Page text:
In Exoself this expression is executed from left to right. First subtract(9, 3) is calculated and the result is 6. Now multiply(6, 3) is evaluated so the final result is 18. So we want to construct an AST that reflects this order of function calls:

(CALLFUNC (multiply (CALLFUNC (subtract 9 3)) 3))

Now let’s review the ANTLR code for parsing this expression again, now with AST rewrite:

function_operator: a+=atom
        /* nothing */ -> $a
        | (n+=NAME a+=atom)+ -> ^(FUNCTIONOPERATOR $n+ $a+)

Since I could not find a simple way to express the target AST using AST rewrites I just accumulate all function names and expressions into the variables a and n and expand them in the AST node again. The transformation is then done in my AST post processing phase.

Some more examples where this technique is useful

while COND {...} else {...}

The else should be executed only if the while body is not executed at least once. It’s just syntactic sugar for an if around the while and exactly that does my desugarer.

if COND {while COND {...}} else {...}

Array subscripts have the same problem as function operators. The evaluation order can’t be expressed easily using AST rewrites.

a = b = c = 42

Exoself allows variables to be defined by assignment. So lets assume that b is a float64 and a / c are not defined yet.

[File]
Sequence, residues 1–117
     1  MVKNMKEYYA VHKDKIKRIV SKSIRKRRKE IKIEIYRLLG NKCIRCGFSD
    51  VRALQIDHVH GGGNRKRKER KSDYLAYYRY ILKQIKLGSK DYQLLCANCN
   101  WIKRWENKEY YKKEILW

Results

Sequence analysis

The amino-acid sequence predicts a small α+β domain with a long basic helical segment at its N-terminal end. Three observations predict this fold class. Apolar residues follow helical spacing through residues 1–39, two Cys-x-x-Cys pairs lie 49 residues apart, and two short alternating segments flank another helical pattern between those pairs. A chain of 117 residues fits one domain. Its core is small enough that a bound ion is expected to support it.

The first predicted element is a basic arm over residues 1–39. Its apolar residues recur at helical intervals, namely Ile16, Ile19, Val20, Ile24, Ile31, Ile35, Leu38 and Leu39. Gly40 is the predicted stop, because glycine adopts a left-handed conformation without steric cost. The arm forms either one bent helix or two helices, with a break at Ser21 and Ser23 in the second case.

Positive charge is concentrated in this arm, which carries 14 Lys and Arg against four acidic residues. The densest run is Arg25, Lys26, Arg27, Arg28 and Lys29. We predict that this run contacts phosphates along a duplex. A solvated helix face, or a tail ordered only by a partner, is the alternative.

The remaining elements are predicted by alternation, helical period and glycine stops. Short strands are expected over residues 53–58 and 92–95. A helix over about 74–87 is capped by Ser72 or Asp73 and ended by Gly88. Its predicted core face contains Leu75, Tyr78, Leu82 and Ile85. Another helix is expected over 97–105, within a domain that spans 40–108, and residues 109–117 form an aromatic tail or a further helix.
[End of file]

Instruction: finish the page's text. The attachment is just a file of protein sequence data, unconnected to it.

As the type of 42 is by default int32 the variable c is defined with this type and assigned the value 42. Now the variable b is assigned 42 after an implicit conversion to float64. In the next step a is assigned the value of b. Thats the float64 42.0 and not the integer 42, so a is of type float64.

A bit complicated to implement? Not really. Just transform the AST to the following code:

c = 42; b = c; a = b;

Often this technique makes it much easier to implement the next compilation phase – but at the cost of some overhead. You usually have to at least traverse the whole AST in every phase, so for larger trees this can be significant.

The next post (posts?) will be about semantic analysis. I’ll discuss some ideas how to implement a type system for a language similar to C (but with stronger typing) and additional information we need to add to the AST to generate code in the following step.